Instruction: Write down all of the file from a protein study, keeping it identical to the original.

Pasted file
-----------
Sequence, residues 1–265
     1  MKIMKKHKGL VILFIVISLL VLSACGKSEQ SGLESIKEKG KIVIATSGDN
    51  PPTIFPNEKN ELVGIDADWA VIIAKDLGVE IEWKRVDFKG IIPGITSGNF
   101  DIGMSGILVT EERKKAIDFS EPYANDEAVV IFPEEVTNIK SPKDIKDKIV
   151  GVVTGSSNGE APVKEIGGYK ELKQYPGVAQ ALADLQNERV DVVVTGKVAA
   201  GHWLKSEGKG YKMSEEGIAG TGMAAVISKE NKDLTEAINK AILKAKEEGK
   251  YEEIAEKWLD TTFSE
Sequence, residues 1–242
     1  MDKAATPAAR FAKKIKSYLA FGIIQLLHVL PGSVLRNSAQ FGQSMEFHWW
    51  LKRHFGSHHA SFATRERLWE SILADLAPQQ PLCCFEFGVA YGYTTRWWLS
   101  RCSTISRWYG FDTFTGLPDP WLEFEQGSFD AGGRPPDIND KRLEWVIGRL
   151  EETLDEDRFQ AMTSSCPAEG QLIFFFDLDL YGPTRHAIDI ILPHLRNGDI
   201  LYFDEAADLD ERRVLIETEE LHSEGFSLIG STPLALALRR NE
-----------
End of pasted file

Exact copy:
Sequence, residues 1–265
     1  MKIMKKHKGL VILFIVISLL VLSACGKSEQ SGLESIKEKG KIVIATSGDN
    51  PPTIFPNEKN ELVGIDADWA VIIAKDLGVE IEWKRVDFKG IIPGITSGNF
   101  DIGMSGILVT EERKKAIDFS EPYANDEAVV IFPEEVTNIK SPKDIKDKIV
   151  GVVTGSSNGE APVKEIGGYK ELKQYPGVAQ ALADLQNERV DVVVTGKVAA
   201  GHWLKSEGKG YKMSEEGIAG TGMAAVISKE NKDLTEAINK AILKAKEEGK
   251  YEEIAEKWLD TTFSE
Sequence, residues 1–242
     1  MDKAATPAAR FAKKIKSYLA FGIIQLLHVL PGSVLRNSAQ FGQSMEFHWW
    51  LKRHFGSHHA SFATRERLWE SILADLAPQQ PLCCFEFGVA YGYTTRWWLS
   101  RCSTISRWYG FDTFTGLPDP WLEFEQGSFD AGGRPPDIND KRLEWVIGRL
   151  EETLDEDRFQ AMTSSCPAEG QLIFFFDLDL YGPTRHAIDI ILPHLRNGDI
   201  LYFDEAADLD ERRVLIETEE LHSEGFSLIG STPLALALRR NE